To Melbourne engineer and GPost Founder Rob Hardy, and his team, who had been working on this ground-breaking app for two years, they felt the call to action in recent weeks to fast-track the release following success in the USA sand extensive discussions with Federal and State Governments and businesses so that all Australians can download the free app now.
The GPost platform was developed by industry experts with a uniquely Australian appreciation of the need for robust and timely information to anyone no matter where they are, particularly given the size of the country.
Rob Hardy explained the challenge for all Australians right now and the weeks ahead
"As we prepare to go into even more lockdown in Australia, and during natural disasters, such as the terrible fires and floods that we have seen this year, or the now crippling COVID-19 pandemic outbreak, Governments, councils and emergency service providers can't be everywhere at once. It's not possible. We need to be able to target communications to all Australians, geographically and immediately, and to such detail as suburb by suburb and street by street" said Mr Hardy.
"GPost is a life-saving platform with the ability to fundamentally upgrade the way we manage disaster and crisis," he said.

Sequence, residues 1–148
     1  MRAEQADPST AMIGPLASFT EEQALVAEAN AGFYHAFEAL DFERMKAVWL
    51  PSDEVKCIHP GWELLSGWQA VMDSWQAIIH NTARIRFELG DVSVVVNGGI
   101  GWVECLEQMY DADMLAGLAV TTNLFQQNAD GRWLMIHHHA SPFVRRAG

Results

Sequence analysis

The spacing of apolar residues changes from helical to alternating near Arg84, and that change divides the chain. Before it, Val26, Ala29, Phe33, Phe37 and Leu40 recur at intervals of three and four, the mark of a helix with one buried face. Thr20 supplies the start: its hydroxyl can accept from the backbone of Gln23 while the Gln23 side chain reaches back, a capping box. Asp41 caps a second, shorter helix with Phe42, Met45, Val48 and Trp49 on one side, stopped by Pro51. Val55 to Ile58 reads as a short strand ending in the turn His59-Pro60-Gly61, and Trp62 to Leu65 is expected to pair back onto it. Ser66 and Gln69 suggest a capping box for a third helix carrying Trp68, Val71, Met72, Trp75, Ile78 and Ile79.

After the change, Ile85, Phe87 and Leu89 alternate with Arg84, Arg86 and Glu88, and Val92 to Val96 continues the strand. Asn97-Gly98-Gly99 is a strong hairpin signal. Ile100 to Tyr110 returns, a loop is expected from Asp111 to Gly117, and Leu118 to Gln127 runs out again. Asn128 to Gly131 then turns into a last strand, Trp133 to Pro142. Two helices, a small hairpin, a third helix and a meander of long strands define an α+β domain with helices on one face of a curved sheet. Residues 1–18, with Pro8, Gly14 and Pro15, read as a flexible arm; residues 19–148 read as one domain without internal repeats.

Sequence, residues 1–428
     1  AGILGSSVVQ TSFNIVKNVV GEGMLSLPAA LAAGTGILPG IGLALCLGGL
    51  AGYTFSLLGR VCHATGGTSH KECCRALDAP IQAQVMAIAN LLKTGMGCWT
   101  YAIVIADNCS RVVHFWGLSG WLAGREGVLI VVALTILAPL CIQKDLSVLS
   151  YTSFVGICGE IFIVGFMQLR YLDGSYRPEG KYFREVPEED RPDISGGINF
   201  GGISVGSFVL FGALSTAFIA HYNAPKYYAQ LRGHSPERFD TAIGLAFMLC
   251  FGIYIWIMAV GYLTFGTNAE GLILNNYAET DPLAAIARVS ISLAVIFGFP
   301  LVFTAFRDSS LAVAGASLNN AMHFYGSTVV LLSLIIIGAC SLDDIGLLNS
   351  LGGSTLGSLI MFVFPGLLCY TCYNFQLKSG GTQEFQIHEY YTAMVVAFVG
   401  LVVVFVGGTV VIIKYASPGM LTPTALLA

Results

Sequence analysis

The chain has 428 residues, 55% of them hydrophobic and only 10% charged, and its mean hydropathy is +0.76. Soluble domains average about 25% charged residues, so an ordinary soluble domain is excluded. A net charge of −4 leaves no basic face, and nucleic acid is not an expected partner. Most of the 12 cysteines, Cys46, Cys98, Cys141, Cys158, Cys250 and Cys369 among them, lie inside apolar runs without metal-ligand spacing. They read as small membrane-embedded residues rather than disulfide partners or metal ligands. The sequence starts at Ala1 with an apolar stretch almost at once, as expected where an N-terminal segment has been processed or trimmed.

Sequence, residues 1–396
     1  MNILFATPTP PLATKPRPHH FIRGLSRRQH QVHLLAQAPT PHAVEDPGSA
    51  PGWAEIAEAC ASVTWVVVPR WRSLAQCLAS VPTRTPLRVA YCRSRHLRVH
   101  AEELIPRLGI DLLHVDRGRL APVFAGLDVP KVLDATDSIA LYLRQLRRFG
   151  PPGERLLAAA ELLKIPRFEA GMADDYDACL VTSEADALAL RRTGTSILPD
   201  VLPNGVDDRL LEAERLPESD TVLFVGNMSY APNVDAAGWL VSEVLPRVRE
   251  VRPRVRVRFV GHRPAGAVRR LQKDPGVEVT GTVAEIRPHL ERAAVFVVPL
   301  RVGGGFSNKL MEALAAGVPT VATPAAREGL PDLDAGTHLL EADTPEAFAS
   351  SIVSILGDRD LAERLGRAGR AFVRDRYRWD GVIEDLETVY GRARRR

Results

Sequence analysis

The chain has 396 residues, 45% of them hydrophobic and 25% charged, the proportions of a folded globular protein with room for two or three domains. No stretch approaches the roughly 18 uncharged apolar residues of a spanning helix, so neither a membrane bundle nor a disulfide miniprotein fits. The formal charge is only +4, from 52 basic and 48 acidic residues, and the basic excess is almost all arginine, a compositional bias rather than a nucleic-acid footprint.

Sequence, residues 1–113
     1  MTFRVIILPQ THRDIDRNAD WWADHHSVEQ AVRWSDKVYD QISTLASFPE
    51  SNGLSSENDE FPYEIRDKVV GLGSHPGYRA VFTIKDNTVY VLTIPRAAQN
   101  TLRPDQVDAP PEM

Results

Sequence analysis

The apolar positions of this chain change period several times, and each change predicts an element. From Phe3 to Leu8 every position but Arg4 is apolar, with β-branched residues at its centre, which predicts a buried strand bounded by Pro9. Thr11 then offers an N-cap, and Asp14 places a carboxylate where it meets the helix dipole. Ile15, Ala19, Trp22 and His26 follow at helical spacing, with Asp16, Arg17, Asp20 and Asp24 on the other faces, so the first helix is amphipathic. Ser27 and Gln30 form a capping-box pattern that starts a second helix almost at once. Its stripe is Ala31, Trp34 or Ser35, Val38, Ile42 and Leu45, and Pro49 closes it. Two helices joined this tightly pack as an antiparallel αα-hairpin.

Put simply, GPost allows personal and direct communications. You don't need multiple apps from various bodies – this is an "all in one" app that will become more important in the days ahead whether communications on suburb or street lockdowns, restrictions on services, information on jobs and payments, and even when you're neighbour needs help.
How GPost – this world first technology works - is quite simple.
GPost is a public messaging tool by geo-location that is capable of delivering information directly to individuals based on their address, street, suburb or geographic location, therefore a major tool in any lockdown.
The device automatically detects where you are and is accessible by desktop, tablet or mobile phone.
Postal mail has always been directed to a physical address while e-mail has always been directed to an individual or entity.
So, it follows that GPost updates traditional mail models by combining the two, allowing email to be directed to someone based entirely on where they physically are located.
GPost integrates with maps and location based electronic services, effectively mapping the world out and making each point on the map a mail destination GPost effectively modernises worldwide traditional "post office delivery" from the mail man enabling any physical location in the world to have a virtual identity which can be reached by the public.
Rob Hardy believes the greatest advantage of this landmark technology is its reliability under pressure and its ability to work in any situation.
"GPost still distributes information when phone networks have failed, infrastructure is destroyed, mobile phone networks are badly damaged, like in bushfires, or as we are seeing right now in Australia, when mobile phone networks are disrupted due to extremely high usage with everyone at home," said Mr Hardy.
The app can be used by a number of different organisations and bodies.